Monday, January 21, 2013

My Skin Story- pt. II

(You can read part I here)

Now let me back up here.
(My friend S and I at the beach in NC, 2005?)

 I’ve had skin problems and a few scares since I was 10 years old with 2 different dermatologists. The first dermatologist I went to was cutting into my skin every time I visited her to remove any moles or freckles she thought even looked weird or abnormal. My parents wanted a second opinion to make sure all of these procedures were necessary. That’s when I went to the leading doctor for skin cancer in Illinois and was officially diagnosed with dysplastic nevus syndrome. I have had 7 removed surgically and 3 of those came back positive for atypical cells, which meant they had cancerous cells in them, but nothing more than that. My doctor had to go back in and cut out those 3 surrounding areas of the moles to make sure the bad and cancerous cells did not spread.
(Self tanner used in this picture-I'm on the far left)

Many people ask me how has your life been changed or different since your diagnosis? And honestly, my life since my diagnosis hasn’t been all that different, other than I’ve eliminated the tanning salon from my life. When I visited my (now) second doctor she asked, “how many times I’ve been tanning in a tanning bed?” I laughed and asked her, “do you want an exact number?” She’s sternly said, “yes, exact!” I had to look to my mom like, are you kidding me? I was that high school girl who went tanning before EVERY dance, every time there was a ‘big party’ or just when I felt pale in general. So, for my dermatologist to ask me for a specific number, I had to be honest and say, “at least 100 times.” The look on her face petrified me. I did tell her however, that since the removal of a big mole scare, I have not gone. When my doctor told me about my diagnoses, I was shocked, sad and upset. I was shocked because I had the mentality that it would never happen to me. Sad because I know how serious this is and upset at myself for being so naïve and thinking I was invincible.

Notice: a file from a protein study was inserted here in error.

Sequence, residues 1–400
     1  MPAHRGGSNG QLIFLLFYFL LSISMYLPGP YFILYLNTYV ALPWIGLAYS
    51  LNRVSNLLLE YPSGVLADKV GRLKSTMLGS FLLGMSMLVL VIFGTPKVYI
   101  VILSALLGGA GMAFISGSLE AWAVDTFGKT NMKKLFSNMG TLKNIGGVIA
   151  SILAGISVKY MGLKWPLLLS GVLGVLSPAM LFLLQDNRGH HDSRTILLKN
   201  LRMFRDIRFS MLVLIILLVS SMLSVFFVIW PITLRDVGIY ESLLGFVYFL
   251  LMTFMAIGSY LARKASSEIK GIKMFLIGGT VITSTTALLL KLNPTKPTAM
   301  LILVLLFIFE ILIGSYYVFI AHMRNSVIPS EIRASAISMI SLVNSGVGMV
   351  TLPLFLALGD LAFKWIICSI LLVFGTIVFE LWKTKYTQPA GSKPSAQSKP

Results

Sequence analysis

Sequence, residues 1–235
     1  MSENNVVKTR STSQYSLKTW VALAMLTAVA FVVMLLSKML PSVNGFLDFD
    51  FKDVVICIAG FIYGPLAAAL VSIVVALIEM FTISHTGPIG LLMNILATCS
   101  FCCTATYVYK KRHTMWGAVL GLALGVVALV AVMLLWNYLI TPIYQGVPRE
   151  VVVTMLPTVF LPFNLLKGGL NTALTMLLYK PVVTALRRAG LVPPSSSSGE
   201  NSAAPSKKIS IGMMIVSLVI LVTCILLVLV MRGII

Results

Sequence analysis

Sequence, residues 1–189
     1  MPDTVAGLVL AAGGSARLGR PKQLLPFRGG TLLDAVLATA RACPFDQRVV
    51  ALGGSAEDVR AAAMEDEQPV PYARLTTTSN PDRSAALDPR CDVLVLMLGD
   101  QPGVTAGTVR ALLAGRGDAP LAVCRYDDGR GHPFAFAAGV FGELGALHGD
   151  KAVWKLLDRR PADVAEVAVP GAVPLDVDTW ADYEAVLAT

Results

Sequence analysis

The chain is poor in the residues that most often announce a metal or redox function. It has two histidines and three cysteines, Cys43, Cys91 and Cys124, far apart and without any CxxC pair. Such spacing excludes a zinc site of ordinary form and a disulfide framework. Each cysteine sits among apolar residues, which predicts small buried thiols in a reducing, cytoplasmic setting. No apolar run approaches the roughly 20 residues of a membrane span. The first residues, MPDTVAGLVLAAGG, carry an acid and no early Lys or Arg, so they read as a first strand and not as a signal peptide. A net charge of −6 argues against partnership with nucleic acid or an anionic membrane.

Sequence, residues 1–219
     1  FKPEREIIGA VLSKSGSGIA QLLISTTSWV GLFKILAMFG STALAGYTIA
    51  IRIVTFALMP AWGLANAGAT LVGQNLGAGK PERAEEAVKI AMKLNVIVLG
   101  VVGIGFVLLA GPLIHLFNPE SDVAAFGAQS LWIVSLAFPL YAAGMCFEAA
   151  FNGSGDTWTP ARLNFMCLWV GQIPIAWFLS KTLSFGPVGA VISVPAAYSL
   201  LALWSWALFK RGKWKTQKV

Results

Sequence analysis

(Another self-tanner picture this past Christmas. My sister and I (on the left))

It has been difficult hearing the comments like, “Geez, Kristen do you get out in the sun much?” or, “Have you ever seen the sun? You need color!” I end up telling them I can’t go tanning and they usually pipe down, but nonetheless, it still hurts because I can’t do anything about the color of, or lack there of, my skin. I use sunless tanner, occasionally, but it smells bad, stains my clothes or runs down my face when I work out.
I would tell the younger me that being tan may be what’s popular or cute, but it’s not worth it. Sunless tanner does the same thing, without the dangers. When the leading doctor in skin cancer told me how serious my condition is and how careful I have to be, it really made me think how stupid I was to go tanning all those years. I wish I had embraced my pale skin and not be listen to what people said about me. It took me a long time (and many dermatologist appointments) to be comfortable in my own skin.
My dermatologist told me once, that I would also tell other people is that the chances of developing melanoma or dysplastic nevus syndrome goes up 40% just by going tanning once. Think about it…


  1. Wow - you are so brave to share your story. There is no shame in being pale skinned, many many people are (including myself!) You are beautiful just the way you are :-)

  2. Ugh ugh ugh. I used to tan (I actually tan really easily), starting at 16, maybe 15 times a year. Some years I didn't. The last time I went was well over a year ago but I know that part doesn't really matter. Any damage is already done.
    But, growing up in the early 2000s, "tan" was in. (Is it still? I have no idea what kids do these days!)

    Thanks for sharing.